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Earth from the inside out
Small but WISE
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2014 GSAT Results for Jamaican Kids
Earth
Challenging the Forces of Nature
What is groundwater
A Dire Shortage of Water
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Ready, unplug, drive
Plant Gas
Fungus Hunt
Finding the Past
Childhood's Long History
Watching deep-space fireworks
A Plankhouse Past
Fish
Mako Sharks
Great White Shark
Carp
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Symbols from the Stone Age
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Strong Bones for Life
GSAT English Rules
Subject and Verb Agreement
Finding Subjects and Verbs
Problems with Prepositions
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Mastering The GSAT Exam
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GSAT Exam Preparation
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Access denied - Disabled boy aces GSAT
42,000 students will sit for the GSAT Exam in two weeks
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Secrets of an Ancient Computer
How a Venus Flytrap Snaps Shut
Math and our number sense: PassGSAT.com
Human Body
Spit Power
Running with Sneaker Science
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Invertebrates
Sea Urchin
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Wolves
Manxes
Ponies
Parents
Choosing a Preschool: What to Consider
How children learn
Expert report highlights the importance to parents of reading to children!
Physics
Spin, Splat, and Scramble
Extra Strings for New Sounds
Black Hole Journey
Plants
City Trees Beat Country Trees
Nature's Alphabet
Fast-flying fungal spores
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Gila Monsters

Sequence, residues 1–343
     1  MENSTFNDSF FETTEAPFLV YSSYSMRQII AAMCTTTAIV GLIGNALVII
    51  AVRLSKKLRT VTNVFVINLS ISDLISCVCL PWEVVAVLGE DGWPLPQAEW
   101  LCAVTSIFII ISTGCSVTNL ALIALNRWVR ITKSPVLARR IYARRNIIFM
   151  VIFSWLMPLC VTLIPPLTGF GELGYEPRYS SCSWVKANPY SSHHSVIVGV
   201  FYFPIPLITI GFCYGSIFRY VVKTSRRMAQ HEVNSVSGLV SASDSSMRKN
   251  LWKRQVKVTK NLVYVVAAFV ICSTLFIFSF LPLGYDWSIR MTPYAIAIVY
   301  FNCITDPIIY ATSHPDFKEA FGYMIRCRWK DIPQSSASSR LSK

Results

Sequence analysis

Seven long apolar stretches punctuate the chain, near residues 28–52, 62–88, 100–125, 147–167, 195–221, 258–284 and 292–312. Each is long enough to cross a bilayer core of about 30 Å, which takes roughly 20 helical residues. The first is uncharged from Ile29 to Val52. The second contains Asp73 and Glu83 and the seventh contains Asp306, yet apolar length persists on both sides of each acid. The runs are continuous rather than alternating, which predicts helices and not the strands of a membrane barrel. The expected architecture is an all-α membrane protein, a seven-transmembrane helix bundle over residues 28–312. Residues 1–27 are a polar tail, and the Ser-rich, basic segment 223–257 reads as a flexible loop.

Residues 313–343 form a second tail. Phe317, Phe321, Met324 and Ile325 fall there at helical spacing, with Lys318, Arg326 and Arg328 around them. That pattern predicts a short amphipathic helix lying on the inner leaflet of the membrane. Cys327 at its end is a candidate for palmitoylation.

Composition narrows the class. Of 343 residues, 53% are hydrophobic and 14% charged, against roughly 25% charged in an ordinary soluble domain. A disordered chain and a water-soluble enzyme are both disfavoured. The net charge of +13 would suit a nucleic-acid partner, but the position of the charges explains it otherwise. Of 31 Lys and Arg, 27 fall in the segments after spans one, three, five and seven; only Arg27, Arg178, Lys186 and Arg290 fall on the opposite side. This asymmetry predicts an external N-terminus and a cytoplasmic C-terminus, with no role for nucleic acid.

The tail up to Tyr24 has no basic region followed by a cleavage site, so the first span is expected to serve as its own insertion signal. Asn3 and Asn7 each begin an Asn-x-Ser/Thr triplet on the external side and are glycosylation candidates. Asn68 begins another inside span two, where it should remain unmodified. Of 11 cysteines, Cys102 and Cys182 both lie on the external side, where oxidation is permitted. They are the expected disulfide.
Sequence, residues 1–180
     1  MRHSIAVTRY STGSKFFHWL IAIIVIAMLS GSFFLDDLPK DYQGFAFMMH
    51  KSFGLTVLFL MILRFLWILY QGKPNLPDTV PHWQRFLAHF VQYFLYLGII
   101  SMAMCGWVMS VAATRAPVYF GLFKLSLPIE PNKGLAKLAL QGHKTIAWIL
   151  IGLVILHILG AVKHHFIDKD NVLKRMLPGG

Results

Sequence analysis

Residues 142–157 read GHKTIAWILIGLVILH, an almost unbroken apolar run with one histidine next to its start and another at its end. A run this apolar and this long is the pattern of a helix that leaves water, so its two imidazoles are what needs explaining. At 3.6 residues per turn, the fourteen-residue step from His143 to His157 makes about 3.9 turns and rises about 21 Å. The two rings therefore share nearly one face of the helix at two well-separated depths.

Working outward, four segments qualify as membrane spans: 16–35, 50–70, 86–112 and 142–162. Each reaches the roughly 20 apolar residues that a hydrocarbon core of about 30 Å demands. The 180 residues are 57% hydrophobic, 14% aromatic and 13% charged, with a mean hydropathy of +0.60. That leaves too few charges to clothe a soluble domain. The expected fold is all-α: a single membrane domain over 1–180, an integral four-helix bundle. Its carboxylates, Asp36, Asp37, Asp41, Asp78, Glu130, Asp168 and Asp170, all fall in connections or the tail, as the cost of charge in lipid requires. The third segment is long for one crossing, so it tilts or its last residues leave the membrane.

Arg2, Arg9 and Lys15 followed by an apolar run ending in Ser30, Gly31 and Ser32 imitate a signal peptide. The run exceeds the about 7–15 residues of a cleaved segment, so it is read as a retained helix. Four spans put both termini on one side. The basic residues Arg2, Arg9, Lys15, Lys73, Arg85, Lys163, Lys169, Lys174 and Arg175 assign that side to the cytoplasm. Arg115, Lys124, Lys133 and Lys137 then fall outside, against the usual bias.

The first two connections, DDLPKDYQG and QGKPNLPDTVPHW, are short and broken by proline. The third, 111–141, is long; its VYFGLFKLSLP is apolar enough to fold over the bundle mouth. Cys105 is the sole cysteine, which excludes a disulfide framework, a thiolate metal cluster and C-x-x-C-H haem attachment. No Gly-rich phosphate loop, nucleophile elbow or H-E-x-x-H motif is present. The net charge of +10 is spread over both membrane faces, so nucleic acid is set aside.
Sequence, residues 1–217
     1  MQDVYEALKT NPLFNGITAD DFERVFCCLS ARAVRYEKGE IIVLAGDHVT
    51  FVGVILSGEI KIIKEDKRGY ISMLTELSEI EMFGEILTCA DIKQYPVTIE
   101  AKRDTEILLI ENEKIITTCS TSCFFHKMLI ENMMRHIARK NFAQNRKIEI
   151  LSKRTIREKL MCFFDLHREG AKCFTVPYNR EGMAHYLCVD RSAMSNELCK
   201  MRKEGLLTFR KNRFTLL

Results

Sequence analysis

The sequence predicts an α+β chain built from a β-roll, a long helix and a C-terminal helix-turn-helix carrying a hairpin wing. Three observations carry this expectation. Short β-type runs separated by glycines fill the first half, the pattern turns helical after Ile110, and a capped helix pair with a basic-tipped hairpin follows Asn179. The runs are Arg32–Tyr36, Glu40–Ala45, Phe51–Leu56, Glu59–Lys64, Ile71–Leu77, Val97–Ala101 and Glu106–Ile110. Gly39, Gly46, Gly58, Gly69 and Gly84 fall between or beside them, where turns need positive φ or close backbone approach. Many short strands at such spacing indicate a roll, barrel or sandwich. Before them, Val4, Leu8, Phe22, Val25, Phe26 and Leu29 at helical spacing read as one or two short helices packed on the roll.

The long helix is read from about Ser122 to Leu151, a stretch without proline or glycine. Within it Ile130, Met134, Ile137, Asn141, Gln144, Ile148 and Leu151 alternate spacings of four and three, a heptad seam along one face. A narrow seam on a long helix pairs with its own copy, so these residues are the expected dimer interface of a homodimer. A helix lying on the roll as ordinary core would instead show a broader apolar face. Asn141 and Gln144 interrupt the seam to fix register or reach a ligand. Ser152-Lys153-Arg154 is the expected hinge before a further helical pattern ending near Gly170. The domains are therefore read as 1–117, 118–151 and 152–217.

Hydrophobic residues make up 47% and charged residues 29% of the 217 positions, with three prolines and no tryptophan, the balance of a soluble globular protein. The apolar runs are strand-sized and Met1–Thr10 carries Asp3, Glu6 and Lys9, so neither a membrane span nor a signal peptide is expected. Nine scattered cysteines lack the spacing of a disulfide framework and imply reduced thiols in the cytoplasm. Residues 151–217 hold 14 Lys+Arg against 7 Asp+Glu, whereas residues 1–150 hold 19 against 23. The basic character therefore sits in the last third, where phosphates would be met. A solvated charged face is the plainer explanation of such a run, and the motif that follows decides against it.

Turtles
Black Mamba
Space and Astronomy
Pluto's New Moons
Catching a Comet's Tail
A Great Ball of Fire
Technology and Engineering
Spinach Power for Solar Cells
Space Umbrellas to Shield Earth
Riding Sunlight
The Parts of Speech
Problems with Prepositions
What is a Noun
What is a Verb?
Transportation
Where rivers run uphill
Reach for the Sky
How to Fly Like a Bat
Weather
Catching Some Rays
Science loses out when ice caps melt
In Antarctica watch the heat (and your step)
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Baby Star

In Hollywood, a hit movie can make an actor a big star overnight. In outer space, star birth takes a bit longer. Astronomers have now observed what they suggest is a baby star in the process of being born. If they're right, it'll be the earliest twinkles ever picked up from a newborn star. Through a telescope in outer space, the object looks like a faintly glowing body. Astronomers from the University of Texas in Austin spotted it with the Spitzer Space Telescope, which orbits Earth. The object lies 6,000 light-years from Earth in a thick cloud of gas and dust called L1014. In the past, L1014 has appeared totally dark. When the Spitzer team recently pointed the telescope at the cloud's center, though, they were surprised to see a spot of infrared light that looked like "a big, red, bloodshot eye." Infrared light isn't visible to the human eye, but all objects absorb and give off this form of radiation. At such an early stage in its life, the object has a tiny mass. Compared to our sun, it weighs in at less than one-thousandth the sun's mass. No one is sure what will happen next. One possibility is that the glimmering body will gather together enough gas and dust to become a true star. It's also possible that the object will run out of steam and instead turn into a faint, cold object known as a brown dwarf. In the star nursery, only time will tell.E. Sohn

Baby Star
Baby Star








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